It’s 6 AM. I got up to use the toilet a few minutes ago and my mind won’t shut down with thoughts and images of South Africa, the “Rainbow Nation.” It was an intense and engaging three days.
There a lot of physical images that represent this rainbow, post-apartheid, nation, sculptures of rainbows, the flag, architecture and art exhibits reflecting the new South Africa. The giant Ferris wheel at the V&A Waterfront with the slogan “Turn for Good.” On Long Street there is a sculpture of a house made of red corrugated metal with open windows and doors signifying an open house for democracy.
But in this rainbow nation race does not seem far from many people’s minds. Under Apartheid folks were classified as Black, Colored and White. A Chinese Friend who worked in the Taiwanese embassy in South Africa during Apartheid was accorded “Honorary White” status. He was too much of a diplomat to be publically offended but not to be wryly sarcastic when he spoke with me.
In this post I write about conversations I had. They are not representative of South Africa. They are some of the folks I spoke with. With one exception I will not use their names. They didn’t know I was a blogger when we spoke. Fair is fair.
One cab driver proudly told us he was Xhosa, a black. As we drove past neighborhoods he pointed out one upscale gated neighborhood and said that under Apartheid a black could not even walk along the street outside the fence of this neighborhood. Now blacks could walk, and, he said proudly, live there. Just across the road, on the land side was a “colored” neighborhood. I asked him if any blacks or whiles lived in this neighborhood. He scoffed at “colored”. They’re mixed race decedents, many of Malay slaves and Indian indentured workers. He was a proud black man whose ancestors had not been slaves.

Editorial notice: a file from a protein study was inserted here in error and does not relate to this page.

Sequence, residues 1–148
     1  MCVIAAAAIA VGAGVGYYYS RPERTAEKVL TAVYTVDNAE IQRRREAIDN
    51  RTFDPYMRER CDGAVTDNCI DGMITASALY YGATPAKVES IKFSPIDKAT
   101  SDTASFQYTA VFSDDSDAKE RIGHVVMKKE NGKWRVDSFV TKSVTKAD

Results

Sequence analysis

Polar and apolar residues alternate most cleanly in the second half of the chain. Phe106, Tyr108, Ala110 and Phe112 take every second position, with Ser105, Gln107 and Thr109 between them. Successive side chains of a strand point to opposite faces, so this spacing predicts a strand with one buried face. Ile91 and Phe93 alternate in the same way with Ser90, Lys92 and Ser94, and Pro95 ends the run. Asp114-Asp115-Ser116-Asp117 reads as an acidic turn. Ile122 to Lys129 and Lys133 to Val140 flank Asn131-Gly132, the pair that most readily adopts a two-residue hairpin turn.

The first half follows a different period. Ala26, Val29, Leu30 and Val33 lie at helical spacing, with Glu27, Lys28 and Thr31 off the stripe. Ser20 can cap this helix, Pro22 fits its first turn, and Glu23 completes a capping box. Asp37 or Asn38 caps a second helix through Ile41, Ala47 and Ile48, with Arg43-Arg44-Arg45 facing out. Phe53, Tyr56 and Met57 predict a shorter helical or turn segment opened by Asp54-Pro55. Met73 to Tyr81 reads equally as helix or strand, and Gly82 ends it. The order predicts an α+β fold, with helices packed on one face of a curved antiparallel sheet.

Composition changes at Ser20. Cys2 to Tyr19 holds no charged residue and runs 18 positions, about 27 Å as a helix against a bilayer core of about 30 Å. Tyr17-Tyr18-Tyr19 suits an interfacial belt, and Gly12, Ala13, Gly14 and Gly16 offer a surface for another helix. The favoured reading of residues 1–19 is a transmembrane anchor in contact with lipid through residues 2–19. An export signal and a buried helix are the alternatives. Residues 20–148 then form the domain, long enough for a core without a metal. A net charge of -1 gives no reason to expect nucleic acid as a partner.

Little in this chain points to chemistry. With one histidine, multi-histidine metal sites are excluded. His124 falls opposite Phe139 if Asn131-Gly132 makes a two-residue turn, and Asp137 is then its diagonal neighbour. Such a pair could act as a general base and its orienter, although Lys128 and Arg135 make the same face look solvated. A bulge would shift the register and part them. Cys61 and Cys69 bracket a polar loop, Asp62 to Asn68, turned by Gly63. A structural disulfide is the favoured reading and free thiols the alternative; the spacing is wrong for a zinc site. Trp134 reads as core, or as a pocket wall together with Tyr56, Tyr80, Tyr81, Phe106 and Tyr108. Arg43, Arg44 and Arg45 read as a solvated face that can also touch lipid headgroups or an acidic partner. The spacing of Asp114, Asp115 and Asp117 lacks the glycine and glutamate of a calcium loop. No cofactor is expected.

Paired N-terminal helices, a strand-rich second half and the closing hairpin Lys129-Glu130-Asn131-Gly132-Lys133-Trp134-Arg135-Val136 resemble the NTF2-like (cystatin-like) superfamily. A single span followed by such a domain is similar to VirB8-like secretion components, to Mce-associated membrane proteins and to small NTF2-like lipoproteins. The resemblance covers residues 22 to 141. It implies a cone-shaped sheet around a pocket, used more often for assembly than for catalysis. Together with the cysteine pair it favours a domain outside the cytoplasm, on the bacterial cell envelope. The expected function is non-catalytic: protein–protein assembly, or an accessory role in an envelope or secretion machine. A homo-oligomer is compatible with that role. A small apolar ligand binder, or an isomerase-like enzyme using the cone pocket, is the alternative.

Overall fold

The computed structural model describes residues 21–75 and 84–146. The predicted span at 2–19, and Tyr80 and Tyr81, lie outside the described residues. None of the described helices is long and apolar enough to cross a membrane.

Then we passed a black township, which had more rundown houses than the “Colored” neighborhood. I asked him if any whites lived in townships. He answered as if I were crazy, “no.” I asked if he lived in a township. He did, but he was paying money to send his kids to an integrated school so they could live the rainbow nation and perhaps move into one of the formally white neighborhoods.
The next day on a tour our guide and bus driver were both Afrikaner (descendants of the Dutch who speak Afrikaans.) Our guide was also proud of her rainbow nation and was very fond of Nelson Mandela. She pointed out townships, some of them looking like shanty towns (The distinctive feature is power poles, they are part of much of the art sold depicting townships) and some being rebuilt as modern low income housing estates. She was proud that the government was providing new housing for the townships, but admitted it was a slow process. If you make of less than 8000 Rand a month (just under $800) you can get a house rent free. The new houses have solar hot water and several have solar electric panels. She was proud of that too.
Here are shots of the old townships
And pictures of the new ones.
I told her that our driver of the day before was living in a township and making the sacrifice to get the money to send his kids to an integrated school. She was impressed, “Private schools are expensive.” But then she said, “But he’s black and used to living in those conditions.” Those conditions may include no indoor plumbing and outdoor privies.